Lecture 23: Gene Therapy for DMD: Viral-mediated strategies Flashcards Preview

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Flashcards in Lecture 23: Gene Therapy for DMD: Viral-mediated strategies Deck (25):
1

What are the characteristics of an adenovirus?

Medium sized non-enveloped icosohedral virus.

dsDNA genome 35 kb capacity

Generally cause mild disease in humans

Capable of transducing both proliferating and non proliferating cells

Various adenoviral vectors have been generated based on adenovirus to use tools for gene therapy.

2

How long is the full length dystrophin gene?

14kb meaning it'll fit easily in an adenovirus

3

What are the advantages of using adenoviruses for gene therapy?

adenoviruses have a large capacity (up to 30 - 35 kb)

They can transduce both proliferating and non-proliferating muscle cells

4

What are the three types of adenoviral vectors that have been used to treat DMD?

1st generation

2nd generation

3rd generation

5

What are the characteristics of the 1st generation adenoviruses?

Generated by substitution of E1 and/or E3 regions with expression cassette.

Lack early viral genes resulting in a carrying capacity of 8 kb

Elicit a significant immune response in vivo due to de novo synthesis of viral proteins. This is even worse in people who have previously been infected by adenovruses

They require local injection due to immune response. And injecting it everywhere would result in sepsis

*Successfully delivered a minidystrophin gene to mouse muscle for long term expression in 1993

6

What was the experiment conducted to test the effectiveness of adenovirus vectors in producing a functional dystrophin protein?

One leg injected with one virus that expressed a protein called beta galactosidase which glows when produced. The other leg with beta galactosidase as well as dystrophin.

If muscles went through cycles of degeneration and regeneration they would express less beta galactosidase. Adenovirus only infects muscle cells not the satellite cells.

After a long time the left muscle with no dystrophin showed a disappearance of beta galactosidase. in dystrophin expressing muscle the beta galactosidase survived.

7

How were second generation adenoviruses made from 1st generation adenoviruses?

Deletion of additional viral genes to the extent where carrying capacity of approximately 10 kb.

Immune response was reduced

No reported studies demonstrated delivery of dystrophin

8

What happened with the use of 1st and 2nd generation adenoviruses?

Both 1st and 2nd generation vectors were demonstrated to have leaky expression of the viral genes resulting in animmune response against the vector.

9

What was the result of using 3rd generation adenoviral vectors?

Lack all viral genes which increases carrying capacity to 30kb which allows less immune response to occur and expression of the full dystrophin gene.

10

What is a lentivirus?

Enveloped retrovirus

RNA genome with an 8kb capacity

Capable of trasducing both proliferating and non-proliferating cells

Able to integrate into genome of host

11

What are the characteristics of lentiviral vectors?

Lentiviral vectors infect both proliferating myoblasts and differentiated myotubs in vitro.

Limited in transducing skeletal muscle in vivo.

Murine retroviral vectors were amongst the first vectors tested for gene replacement therapy

Can infect stem cell population as well as mature fibers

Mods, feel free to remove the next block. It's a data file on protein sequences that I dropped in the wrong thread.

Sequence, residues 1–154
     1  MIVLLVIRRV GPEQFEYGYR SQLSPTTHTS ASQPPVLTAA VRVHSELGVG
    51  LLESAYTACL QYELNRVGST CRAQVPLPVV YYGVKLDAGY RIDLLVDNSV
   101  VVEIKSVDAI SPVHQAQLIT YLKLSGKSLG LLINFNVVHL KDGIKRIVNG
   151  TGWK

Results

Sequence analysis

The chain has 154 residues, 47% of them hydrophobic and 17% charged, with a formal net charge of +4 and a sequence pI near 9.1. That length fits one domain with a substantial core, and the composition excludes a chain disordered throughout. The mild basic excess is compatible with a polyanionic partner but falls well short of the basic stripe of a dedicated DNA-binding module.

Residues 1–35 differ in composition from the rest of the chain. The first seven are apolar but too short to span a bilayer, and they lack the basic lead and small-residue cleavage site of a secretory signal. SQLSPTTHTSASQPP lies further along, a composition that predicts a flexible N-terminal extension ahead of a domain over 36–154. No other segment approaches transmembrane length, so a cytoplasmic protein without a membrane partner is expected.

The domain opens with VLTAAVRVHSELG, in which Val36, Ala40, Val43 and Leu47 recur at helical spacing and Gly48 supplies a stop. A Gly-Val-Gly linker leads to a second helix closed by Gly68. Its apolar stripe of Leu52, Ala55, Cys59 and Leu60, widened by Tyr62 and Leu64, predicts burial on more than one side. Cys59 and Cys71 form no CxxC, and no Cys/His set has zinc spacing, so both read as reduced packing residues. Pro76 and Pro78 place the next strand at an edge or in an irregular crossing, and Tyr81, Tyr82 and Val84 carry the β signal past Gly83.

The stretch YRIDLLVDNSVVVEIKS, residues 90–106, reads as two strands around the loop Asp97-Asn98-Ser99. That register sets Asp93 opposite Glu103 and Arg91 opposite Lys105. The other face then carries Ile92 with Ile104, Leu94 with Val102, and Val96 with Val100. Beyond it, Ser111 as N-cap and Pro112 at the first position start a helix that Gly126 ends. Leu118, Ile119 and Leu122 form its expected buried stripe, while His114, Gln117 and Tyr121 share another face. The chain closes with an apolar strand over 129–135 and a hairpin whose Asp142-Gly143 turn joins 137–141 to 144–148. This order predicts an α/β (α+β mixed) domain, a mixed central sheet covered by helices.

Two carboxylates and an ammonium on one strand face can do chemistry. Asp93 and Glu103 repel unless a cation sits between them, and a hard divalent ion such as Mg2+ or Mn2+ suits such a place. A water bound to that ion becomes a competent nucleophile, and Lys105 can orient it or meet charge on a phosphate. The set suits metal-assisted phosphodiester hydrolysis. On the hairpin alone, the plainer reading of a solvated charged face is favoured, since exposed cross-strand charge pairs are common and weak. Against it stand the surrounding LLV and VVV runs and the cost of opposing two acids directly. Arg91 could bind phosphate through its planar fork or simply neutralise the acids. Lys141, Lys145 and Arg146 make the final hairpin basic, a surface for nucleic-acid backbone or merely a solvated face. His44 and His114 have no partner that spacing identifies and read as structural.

12

What is the problem with lentivirus? How has this problem been addressed?

Lentivirus ability to transduce muscle in vivo is limited.

Retroviral vectors have been generated based on human and feline lentiviruses

13

What happens to force production in response to lentivirus transduced BMD variants of dystrophin?

improvement in force was seen

general functional improvements were seen

14

What is the problem with using lentiviruses?

potential oncogenesis when injected systemically

15

What is an adeno associated virus?

Small ssDNA parvovirus

Requires the presence of a 'helper' virus in order to replicate

Has infected 80% of the population already

Does not cause disease in humans

Limited carrying capacity of approximately 5 kb

16

How can AAV viruses be used?

1 vector contains gene of interest: i.e dystrophin flanked by ITRs.

2nd vector has genes for replication and for capsid.

Together they function to be expressed in target cells

17

How did the mice cells receive the injection?

Better transduction occured in young mice compared to older mice after EDL muscle intramuscular injection.

18

How good was AAV action?

When treated Dko mice saw dystrophin localization to the sarcolemma

improvement in centrally nucleatid fibers

Significant improvement in force production

Less kyphosis and longer lifespan of treated dko mice

19

What is the effect of AAV action in late stage disease?

No improvement in heart fibrosis

Small improvements in heart function

20

Summary for AAV:

AAV can efficiently deliver the DMD gene to skeletal and cardiac tissue in young and old mice. However, efficacy of treatment is limited by disease pathology.

21

What happened when AAV were used in dogs?

In dogs there was an immune response that decreased efficacy

22

What are the advantage and disadvantages of AAV?

Capable of systemic delivery

Not able to deliver full-length gene

No transduction of muscle stem cells

23

What is utrophin?

homologue of dystrophin with structural similarities to dystrophin.

Used in mdx mice which diminishes the severity of dystrophin expression

24

What happened when microutrophin was used instead of microdystrophin for AAV transmission?

Increased lifespan and effectiveness during lifespan

25

What is a method by which a full dystrophin protein can be transduced?

segment in different viruses

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